There are a few very basic dos and don’ts around composting that will ensure success.

The main question you will be asked is how the bins will be kept free of vermin, ie rats, and the simple answer to that is that it’s pretty hard to guarantee they will be rat free but by not putting any cooked food into the bins you are doing all that is possible to stop rats and other rodents as well as the urban fox.

A ratio of 2/3 nitrogen rich material (greens) to 1/3 carbon rich material (browns) is best to guarantee the heap warming up and so breaking down as fast as possible.

In order to guarantee a good heat in the bin it’s vital to keep the levels of nitrogen rich material (greens) at a good ratio with carbon rich material (browns) and the ratio that is most successful is around two thirds green and one third brown.

The best way to pile up the heap is to have layers of greens and browns. This means that, for example, there might be a layer of lawn cuttings and then a layer of shredded cardboard. The browns basically soak up excess moisture from the greens, ensuring the heap doesn’t become too wet which will lead to it being anaerobic and smelling.

There is much conversation around whether or not compost heaps ought to be turned often. The most vital thing in making compost is that heat is made in the heap to break down the materials in the heap. This will happen spontaneously as the compost worms get to work, but the heap will cool down after it has heated up. Turning at this point helps to reheat the heap. It’s worth buying a compost thermometer so that children can see just how warm a heap can get. There is also discussion to be had with children over the red compost worms that appear in good compost heaps and the difference between them and earthworms. If you are struggling to get worms into your heap, composting worms can be bought online.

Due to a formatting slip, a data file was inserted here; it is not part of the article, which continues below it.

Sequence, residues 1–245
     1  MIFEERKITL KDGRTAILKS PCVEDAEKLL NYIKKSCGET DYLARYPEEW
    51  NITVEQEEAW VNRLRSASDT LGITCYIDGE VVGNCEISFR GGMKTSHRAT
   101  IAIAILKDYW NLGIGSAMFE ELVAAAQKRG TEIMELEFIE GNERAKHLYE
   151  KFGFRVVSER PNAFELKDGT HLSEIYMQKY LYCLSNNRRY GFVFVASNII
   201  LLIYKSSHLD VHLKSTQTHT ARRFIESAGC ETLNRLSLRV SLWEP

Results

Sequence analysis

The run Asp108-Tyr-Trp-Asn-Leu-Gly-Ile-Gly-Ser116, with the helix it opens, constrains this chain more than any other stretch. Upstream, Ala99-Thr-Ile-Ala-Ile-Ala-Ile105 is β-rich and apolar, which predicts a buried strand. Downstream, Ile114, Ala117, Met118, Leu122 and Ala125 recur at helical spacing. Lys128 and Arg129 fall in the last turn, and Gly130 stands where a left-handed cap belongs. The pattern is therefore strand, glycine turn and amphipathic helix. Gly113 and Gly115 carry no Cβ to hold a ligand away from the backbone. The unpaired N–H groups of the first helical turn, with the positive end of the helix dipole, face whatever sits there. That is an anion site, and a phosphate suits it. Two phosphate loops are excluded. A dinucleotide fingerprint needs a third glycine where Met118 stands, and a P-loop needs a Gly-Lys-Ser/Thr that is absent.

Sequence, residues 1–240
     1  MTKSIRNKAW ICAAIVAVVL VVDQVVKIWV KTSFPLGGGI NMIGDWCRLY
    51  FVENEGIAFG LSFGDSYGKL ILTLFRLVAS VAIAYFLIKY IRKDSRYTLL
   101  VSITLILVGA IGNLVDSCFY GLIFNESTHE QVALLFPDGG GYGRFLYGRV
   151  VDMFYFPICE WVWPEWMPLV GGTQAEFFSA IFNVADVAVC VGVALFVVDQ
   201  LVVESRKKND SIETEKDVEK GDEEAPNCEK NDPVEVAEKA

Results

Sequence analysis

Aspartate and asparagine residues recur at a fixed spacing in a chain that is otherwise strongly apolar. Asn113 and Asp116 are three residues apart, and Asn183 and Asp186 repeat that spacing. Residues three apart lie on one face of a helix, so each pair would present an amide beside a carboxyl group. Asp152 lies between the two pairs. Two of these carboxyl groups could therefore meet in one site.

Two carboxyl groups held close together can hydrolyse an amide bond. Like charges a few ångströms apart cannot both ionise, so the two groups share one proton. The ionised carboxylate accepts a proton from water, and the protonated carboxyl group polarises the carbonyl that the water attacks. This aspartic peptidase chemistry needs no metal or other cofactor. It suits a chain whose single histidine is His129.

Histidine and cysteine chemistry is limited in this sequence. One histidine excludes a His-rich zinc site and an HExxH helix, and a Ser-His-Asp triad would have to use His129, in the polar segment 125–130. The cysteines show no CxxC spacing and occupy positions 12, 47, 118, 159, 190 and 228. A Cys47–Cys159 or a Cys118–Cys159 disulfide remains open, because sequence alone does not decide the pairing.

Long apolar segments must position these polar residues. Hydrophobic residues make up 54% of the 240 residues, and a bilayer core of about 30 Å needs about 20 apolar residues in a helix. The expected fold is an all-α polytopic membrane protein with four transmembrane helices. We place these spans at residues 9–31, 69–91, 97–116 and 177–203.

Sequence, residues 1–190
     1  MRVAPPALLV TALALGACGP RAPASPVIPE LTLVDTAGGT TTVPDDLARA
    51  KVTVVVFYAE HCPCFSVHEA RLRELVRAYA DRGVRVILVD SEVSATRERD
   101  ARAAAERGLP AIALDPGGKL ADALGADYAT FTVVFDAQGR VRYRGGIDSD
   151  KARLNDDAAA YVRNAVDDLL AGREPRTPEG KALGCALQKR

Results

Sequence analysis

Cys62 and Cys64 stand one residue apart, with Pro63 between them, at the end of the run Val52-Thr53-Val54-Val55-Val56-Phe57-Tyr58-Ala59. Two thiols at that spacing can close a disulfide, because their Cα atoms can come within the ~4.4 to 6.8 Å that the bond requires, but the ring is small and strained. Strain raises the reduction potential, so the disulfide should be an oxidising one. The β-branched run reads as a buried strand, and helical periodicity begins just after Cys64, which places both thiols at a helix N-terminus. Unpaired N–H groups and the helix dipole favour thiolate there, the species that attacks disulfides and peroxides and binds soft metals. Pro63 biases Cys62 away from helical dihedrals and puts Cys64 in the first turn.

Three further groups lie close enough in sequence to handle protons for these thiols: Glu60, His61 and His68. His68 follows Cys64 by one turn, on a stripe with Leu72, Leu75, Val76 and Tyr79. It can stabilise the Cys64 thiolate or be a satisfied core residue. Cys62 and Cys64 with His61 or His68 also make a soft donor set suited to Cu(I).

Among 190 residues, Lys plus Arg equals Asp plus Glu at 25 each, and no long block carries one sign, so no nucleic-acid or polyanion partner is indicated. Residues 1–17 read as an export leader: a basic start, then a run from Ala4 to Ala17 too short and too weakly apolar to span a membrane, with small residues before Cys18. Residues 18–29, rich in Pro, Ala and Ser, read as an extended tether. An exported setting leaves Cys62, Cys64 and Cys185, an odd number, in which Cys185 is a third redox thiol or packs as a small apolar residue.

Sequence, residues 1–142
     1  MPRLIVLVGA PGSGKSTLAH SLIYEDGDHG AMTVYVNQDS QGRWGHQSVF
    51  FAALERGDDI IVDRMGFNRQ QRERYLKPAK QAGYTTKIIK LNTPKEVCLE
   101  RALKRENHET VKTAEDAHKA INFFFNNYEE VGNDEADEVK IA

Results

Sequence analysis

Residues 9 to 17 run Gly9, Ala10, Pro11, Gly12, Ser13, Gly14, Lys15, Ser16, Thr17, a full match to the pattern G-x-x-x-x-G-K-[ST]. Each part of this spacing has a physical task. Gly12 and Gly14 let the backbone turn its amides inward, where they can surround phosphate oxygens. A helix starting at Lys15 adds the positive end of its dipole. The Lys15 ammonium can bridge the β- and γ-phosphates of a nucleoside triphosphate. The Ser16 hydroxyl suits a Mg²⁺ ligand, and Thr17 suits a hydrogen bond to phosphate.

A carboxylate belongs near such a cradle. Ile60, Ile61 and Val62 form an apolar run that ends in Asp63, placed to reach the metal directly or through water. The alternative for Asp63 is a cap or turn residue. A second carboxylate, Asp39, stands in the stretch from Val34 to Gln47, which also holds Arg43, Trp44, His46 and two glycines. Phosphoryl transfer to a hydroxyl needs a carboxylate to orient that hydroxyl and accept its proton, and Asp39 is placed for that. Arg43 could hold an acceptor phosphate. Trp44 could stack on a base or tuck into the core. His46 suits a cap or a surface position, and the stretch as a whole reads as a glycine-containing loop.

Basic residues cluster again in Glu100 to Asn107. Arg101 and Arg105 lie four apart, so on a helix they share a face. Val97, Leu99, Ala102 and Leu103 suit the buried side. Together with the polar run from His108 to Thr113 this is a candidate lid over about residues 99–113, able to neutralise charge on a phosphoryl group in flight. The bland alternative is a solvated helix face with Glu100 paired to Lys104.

Once your heap is full and you are regularly turning it to ensure it stays warm, it’s quite important to ensure it stays moist but not wet. Unless it is particularly warm it should keep itself moist enough with the condensation from the heating process, but it’s worth keeping an eye on in the summer. Equally in the winter you will need to put a cover over your heap, such as a tarpaulin. Please do not use old carpet as is traditionally used on allotments as this can contain chemicals that are present in fire retardants which you don’t want to leach into the soil.

Green to add to your bin

  • Garden waste-green prunings and lawn clippings
  • Peelings, although go easy with potatoes as they can shoot from peelings
  • Uncooked veg such as the outer leaves of cabbages etc.
  • Veg that has started to go off
  • Fruit that has started to go off, but not too much citrus fruit
  • Annual weed leaves but not if they have flowered as seed will be present
  • Manure from chickens or farmyard manure

Brown to add to your bin

  • Plain paper and cardboard that have been shredded lightly
  • Egg boxes cut up
  • Woody prunings chopped up
  • Natural fabric such as old cotton or woollens

These lists are far from exhaustive and there are other things which people might add-it’s just a case of working with what works best with you. However there are a few definites that must never be added. These include meat as this will guarantee foxes and rats, faeces, manmade fibres and materials from an undisclosed source that could contain unpleasantries.

Leaves – in the compost or not?

Leaves can be added to your compost bin and they will break down, depending on what type of leaf they are. We’ll talk about what else you can do with autumn leaves shortly.

Image: Adding leaves to leaf mould box by far closer, on Flickr
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